A child born in the streets of 18th century France, immediately discarded by its mother, sounds a first cry that both condemns his mother to death and alerts the world to the arrival of its newest villain. Born without a personal smell, but with an unparalleled ability to smell the world around him, Jean Baptiste Grenouille lives primarily in the olfactory world, never transcending his sensory prison to live in the ordinary. Concepts like morality and forgiveness are merely a jumble of letters to the sociopathic genius, yet identifying the hundreds of components of a single smell comes as easily as Mozart determining the notes in a chord. Driven by the desire to forever preserve the one scent that brought him happiness, Grenouille becomes the greatest perfumer the world has ever known, and an expert at procuring scent from the most macabre of sources.
Artfully painted in every way, Perfume is an unusually sympathetic view of the creation of a monster. Suskind presents Grenouille’s gifts in such a way that the reader begins to understand the secret language of smell, and indeed to (at least temporarily) live in a world where scent is the greatest communicator. Because of this intimate understanding of Grenouille’s base existence, his actions are never shocking, but feel instead like part of a natural progression, an expected next step. Being privy to the dark thoughts of Grenouille eliminates the mystery of the murders that occur, and readers expecting shadowy clues and sudden plot twists will be sorely disappointed. What they will find, however, is an almost unbearable sense of growing dread, as Grenouille’s master plan is played out in the most deliciously deliberate and achingly leisurely way.
His gift for pacing and exploring the often overlooked and hard to tackle olfactory world make Suskind one of the most noted and translated modern German authors. Now a major motion picture by the director of Run Lola Run, the manuscript was originally considered by Kubrick, but ultimately discarded due to its intensely introspective narrative, which, in addition to the visual presentation of scent, made it particularly hard to translate to film. The novel also led to the creation of a super-luxe, limited edition 15 perfume set by esteemed perfumer Thierry Mugler, which contains scents inspired by specific scenes in the book, ranging from Grenouille’s ultimate creation, Aura, to the “grotesquely fetid” Human Existence. To learn more about Thierry Mugler’s creation, you can visit http://www.leparfum.thierrymugler.com/us/.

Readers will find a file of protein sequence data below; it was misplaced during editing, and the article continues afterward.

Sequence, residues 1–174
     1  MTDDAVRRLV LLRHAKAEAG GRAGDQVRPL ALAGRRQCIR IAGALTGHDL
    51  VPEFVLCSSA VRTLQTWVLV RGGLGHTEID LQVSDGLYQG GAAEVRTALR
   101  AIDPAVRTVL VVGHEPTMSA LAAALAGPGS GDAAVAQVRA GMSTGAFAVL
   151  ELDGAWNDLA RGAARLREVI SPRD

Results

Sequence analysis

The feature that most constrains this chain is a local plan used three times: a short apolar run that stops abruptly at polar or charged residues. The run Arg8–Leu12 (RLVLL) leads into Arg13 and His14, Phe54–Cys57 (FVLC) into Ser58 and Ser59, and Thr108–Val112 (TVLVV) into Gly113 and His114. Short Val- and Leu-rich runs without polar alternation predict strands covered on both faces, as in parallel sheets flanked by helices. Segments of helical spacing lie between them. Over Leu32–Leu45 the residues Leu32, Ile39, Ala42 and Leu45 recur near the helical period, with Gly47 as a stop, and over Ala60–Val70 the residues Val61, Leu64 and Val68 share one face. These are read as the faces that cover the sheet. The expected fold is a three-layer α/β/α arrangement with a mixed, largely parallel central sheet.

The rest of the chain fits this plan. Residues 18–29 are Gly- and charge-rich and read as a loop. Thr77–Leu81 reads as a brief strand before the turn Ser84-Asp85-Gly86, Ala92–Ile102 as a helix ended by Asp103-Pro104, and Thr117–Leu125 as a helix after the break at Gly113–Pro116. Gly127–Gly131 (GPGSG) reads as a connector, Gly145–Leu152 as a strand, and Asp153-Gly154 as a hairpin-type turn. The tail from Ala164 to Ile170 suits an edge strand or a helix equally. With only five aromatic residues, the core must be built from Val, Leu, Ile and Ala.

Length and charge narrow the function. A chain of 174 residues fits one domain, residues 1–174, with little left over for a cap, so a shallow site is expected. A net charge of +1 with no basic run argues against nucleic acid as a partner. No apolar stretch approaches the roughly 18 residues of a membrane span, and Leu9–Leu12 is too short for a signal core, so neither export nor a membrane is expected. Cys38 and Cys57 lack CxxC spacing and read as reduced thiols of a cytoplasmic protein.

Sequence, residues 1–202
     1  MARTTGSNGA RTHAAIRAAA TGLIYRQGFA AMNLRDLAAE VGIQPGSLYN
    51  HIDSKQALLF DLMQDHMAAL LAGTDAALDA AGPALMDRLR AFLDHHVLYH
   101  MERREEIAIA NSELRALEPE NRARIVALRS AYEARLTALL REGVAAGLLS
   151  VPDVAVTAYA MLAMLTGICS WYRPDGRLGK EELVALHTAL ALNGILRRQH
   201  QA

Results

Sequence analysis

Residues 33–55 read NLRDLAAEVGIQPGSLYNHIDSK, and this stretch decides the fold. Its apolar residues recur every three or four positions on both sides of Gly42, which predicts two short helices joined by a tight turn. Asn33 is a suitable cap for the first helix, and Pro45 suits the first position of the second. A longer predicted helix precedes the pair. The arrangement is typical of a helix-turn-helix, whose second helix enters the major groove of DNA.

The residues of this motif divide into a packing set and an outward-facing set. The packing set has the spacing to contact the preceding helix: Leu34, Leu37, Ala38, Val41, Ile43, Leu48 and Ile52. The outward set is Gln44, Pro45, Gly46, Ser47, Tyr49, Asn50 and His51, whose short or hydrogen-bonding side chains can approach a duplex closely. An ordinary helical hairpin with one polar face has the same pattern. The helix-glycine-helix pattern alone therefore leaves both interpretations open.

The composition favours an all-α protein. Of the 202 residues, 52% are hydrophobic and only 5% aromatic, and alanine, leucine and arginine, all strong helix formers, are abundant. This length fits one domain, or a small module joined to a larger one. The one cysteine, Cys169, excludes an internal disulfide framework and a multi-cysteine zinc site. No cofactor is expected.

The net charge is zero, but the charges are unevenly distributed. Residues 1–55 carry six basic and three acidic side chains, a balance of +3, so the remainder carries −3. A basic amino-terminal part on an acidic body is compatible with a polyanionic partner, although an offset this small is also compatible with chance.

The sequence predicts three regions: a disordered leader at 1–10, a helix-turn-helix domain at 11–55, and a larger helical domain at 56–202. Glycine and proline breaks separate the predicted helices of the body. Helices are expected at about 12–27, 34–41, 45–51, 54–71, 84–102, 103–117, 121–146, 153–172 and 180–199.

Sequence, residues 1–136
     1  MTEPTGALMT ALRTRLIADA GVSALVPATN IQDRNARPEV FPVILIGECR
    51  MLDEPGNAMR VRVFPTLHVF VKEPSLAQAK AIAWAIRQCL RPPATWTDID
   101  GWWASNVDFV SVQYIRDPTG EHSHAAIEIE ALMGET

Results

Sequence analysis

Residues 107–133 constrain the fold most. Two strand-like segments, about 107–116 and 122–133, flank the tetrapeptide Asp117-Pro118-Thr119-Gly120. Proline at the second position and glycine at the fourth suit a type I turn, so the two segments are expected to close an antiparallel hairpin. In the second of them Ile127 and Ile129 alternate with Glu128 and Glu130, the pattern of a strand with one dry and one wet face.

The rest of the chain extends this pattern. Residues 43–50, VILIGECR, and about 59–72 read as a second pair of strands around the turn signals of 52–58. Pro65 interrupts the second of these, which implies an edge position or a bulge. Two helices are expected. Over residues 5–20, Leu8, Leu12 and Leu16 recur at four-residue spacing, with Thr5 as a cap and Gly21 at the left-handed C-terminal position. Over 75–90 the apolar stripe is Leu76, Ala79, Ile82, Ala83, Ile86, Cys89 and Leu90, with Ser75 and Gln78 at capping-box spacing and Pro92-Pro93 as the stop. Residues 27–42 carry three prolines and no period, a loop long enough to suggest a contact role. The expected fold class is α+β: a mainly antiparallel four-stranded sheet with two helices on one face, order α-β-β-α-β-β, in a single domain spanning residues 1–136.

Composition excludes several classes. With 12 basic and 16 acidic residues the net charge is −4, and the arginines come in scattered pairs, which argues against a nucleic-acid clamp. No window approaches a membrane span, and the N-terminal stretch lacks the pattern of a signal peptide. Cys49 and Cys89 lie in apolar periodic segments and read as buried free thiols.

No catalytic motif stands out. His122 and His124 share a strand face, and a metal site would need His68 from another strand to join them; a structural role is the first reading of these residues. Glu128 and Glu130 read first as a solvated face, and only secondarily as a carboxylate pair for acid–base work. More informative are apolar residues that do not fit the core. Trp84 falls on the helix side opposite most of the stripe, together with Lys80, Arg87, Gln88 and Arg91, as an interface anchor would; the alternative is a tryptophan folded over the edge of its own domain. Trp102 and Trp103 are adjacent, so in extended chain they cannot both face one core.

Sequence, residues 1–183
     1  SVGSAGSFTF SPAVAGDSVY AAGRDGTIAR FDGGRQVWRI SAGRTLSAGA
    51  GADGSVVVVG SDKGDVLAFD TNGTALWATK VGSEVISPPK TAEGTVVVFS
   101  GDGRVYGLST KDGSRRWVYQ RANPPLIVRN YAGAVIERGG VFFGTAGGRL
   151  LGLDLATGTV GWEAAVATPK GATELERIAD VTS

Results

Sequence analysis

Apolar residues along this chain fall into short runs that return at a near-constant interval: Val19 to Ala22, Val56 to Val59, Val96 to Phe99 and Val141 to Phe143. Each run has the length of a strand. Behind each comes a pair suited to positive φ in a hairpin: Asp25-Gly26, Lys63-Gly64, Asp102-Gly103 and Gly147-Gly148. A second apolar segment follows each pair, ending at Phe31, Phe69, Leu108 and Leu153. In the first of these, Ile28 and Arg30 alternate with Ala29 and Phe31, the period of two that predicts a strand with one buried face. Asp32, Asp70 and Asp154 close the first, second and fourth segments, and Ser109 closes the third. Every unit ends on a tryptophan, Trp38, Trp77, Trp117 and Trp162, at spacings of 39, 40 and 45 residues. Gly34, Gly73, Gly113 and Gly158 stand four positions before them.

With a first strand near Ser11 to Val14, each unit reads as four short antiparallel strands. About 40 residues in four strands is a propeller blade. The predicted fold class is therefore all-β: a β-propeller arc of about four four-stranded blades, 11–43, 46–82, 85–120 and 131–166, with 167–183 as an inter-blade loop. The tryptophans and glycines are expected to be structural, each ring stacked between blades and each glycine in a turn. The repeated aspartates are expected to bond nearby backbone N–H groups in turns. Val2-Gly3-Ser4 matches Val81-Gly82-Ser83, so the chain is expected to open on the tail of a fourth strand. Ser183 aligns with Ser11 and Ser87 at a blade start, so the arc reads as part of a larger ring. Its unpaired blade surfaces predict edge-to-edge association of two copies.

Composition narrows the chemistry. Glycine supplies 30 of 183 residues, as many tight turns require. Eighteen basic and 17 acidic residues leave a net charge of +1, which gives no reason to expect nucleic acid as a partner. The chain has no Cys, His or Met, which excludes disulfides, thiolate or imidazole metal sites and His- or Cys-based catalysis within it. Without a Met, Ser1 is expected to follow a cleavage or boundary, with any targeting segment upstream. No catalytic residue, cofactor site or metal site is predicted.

Jenny Watkins, Books Correspondent:
Jenny’s column is published the 2nd and 17th of every month. A hodgepodge of miscellany musings from children's book reviews to an evaluation of southern literature's place in the modern world of words, Good on Paper covers (almost) everything in print.
After honing an impressively rabid obsession with the printed word at the same insitution that churned out such greats as Annie Dillard and Lee Smith, Jenny Watkins packed up her worn paperbacks and headed West for the sparkling crime den of Los Angeles. When she's not pushing her favorite volumes off onto friends or indulging her embarassing love affair with trash T.V., she's searching for the perfect job and the perfect dive bar. You can find all of Jenny's Good on Paper articles at www.gather.com/goodonpaper.
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